If he closes his eyes and reflects on his 13-year career that came to a close yesterday, Cam Neely will have no snapshot of Ulf Samuelsson in his memory album.
``That’s really behind me,’’ said Neely, moments after making his farewell speech on Fleet Street yesterday. ``I’ve said it before, that I don’t have any respect for the way he plays, but like I say, that’s behind me now.
``I have too many good things to think about.’’
Despite the victim’s dismissal of the incident, Samuelsson’s hit on Neely in the 1991 Wales Conference finals between the Penguins and Bruins took its final toll when Neely stepped onto the podium and tearfully announced his retirement.
Save for some streaky and impressive scoring binges, Neely was never the same player after the Samuelsson hit.
Medical professionals now tell Neely that his deteriorating right hip is not related to the Samuelsson hit. It is essentially arthritis of the hip that ended his career, and doctors say there is no tracing its root cause back five years ago to the Pittsburgh Civic Arena. It would be difficult to convince most, if not all, Bruins fans that Neely’s hip condition isn’t related to the punishing Samuelsson blow.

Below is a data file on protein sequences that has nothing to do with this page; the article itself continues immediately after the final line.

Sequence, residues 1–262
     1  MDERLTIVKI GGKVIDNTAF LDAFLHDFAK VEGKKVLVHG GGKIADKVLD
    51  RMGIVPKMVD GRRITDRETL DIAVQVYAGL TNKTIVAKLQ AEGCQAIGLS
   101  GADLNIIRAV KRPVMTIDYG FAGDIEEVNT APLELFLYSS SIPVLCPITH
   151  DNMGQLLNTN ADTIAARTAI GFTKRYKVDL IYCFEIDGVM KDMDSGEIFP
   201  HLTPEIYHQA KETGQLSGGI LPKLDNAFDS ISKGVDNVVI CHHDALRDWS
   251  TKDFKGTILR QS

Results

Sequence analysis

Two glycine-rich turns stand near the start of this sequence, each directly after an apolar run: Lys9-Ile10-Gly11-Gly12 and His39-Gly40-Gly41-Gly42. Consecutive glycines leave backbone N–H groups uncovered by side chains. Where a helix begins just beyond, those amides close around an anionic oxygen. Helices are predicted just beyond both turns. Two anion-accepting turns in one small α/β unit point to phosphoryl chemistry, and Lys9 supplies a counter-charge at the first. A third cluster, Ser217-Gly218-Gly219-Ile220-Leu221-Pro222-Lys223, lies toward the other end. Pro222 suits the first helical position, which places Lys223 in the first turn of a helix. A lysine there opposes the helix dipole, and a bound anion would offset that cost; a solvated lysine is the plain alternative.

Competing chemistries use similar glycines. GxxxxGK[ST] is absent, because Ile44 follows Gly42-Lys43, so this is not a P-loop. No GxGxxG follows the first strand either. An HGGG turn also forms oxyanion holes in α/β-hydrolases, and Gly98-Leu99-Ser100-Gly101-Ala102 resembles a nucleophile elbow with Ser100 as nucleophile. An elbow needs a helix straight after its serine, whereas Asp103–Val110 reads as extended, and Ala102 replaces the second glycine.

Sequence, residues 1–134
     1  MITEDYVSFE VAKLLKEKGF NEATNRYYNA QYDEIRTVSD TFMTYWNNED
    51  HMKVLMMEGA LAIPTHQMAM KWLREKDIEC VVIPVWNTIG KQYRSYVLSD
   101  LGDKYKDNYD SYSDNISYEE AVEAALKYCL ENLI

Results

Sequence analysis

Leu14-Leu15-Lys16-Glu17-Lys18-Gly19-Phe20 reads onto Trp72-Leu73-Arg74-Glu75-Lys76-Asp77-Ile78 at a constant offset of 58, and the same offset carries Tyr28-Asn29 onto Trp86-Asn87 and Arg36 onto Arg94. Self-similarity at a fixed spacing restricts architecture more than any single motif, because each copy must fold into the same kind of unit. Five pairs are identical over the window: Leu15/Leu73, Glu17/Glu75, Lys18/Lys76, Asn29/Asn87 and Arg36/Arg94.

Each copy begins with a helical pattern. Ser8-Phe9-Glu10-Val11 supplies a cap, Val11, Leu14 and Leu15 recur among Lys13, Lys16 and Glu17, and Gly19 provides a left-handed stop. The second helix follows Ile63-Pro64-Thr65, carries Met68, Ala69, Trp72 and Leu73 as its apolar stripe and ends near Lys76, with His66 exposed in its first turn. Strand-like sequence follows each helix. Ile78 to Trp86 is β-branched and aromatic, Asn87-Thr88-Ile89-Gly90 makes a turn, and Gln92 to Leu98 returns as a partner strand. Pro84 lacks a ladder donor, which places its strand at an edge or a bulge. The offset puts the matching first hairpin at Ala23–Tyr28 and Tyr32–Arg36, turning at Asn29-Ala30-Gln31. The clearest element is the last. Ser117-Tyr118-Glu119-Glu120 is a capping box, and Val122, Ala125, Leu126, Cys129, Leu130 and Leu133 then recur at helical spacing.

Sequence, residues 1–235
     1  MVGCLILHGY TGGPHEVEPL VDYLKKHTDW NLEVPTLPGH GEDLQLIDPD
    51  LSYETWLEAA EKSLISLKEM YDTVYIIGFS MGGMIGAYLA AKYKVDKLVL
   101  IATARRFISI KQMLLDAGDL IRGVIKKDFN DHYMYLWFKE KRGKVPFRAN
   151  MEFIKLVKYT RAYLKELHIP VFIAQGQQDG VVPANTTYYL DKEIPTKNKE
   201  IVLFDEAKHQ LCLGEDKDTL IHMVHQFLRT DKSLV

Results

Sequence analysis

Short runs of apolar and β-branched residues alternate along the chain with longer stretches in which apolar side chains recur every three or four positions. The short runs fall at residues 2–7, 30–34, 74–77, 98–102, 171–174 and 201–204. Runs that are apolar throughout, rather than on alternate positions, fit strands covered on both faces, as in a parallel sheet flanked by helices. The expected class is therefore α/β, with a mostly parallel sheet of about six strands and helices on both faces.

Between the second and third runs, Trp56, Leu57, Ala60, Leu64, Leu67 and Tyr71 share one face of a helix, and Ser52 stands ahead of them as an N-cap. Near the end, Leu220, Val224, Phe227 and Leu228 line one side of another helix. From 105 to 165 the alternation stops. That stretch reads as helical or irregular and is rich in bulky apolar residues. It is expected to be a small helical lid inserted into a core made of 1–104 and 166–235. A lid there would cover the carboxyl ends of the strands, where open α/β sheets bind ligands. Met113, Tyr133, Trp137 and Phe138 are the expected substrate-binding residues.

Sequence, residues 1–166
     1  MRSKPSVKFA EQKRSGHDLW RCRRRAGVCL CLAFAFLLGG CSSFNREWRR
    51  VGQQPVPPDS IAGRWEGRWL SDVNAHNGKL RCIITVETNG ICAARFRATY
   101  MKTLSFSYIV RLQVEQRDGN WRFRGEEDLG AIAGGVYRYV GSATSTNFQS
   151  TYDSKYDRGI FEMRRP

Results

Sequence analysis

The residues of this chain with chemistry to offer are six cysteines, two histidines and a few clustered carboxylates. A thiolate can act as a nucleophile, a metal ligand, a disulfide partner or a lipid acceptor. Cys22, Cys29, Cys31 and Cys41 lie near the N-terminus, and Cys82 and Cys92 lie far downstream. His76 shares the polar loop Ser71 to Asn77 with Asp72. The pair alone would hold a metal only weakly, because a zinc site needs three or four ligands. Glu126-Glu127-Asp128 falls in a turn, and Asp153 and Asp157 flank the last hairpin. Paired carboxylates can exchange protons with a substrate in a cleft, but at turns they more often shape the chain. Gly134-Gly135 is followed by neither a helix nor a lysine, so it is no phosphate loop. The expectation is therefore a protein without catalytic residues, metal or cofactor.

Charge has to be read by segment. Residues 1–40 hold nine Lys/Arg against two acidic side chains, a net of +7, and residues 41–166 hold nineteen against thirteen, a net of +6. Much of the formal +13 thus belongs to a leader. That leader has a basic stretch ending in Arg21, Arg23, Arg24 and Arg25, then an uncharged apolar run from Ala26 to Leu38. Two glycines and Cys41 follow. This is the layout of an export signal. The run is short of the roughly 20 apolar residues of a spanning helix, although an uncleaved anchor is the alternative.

``I’m told that’s not the reason,’’ said Boston president/general manager Harry Sinden.
``And I told the doctors that they don’t know what they are talking about. They say it’s degenerative, but . . . ‘’
Neely, 26 at the time of the hit, had just completed his second consecutive 50-goal season for the Bruins and was considered the game’s prototype right wing. His resultant hip and knee injuries limited him to only 22 regular-season games over the next two seasons.
Midway through last season, his right hip causing him constant pain, Neely learned that he will need hip replacement surgery, something he hopes to avoid until much later.
Samuelsson, now 32, remains one of the most feared hitters in the game and will be back this season with the New York Rangers, whom he joined before last season in an exchange with the Penguins.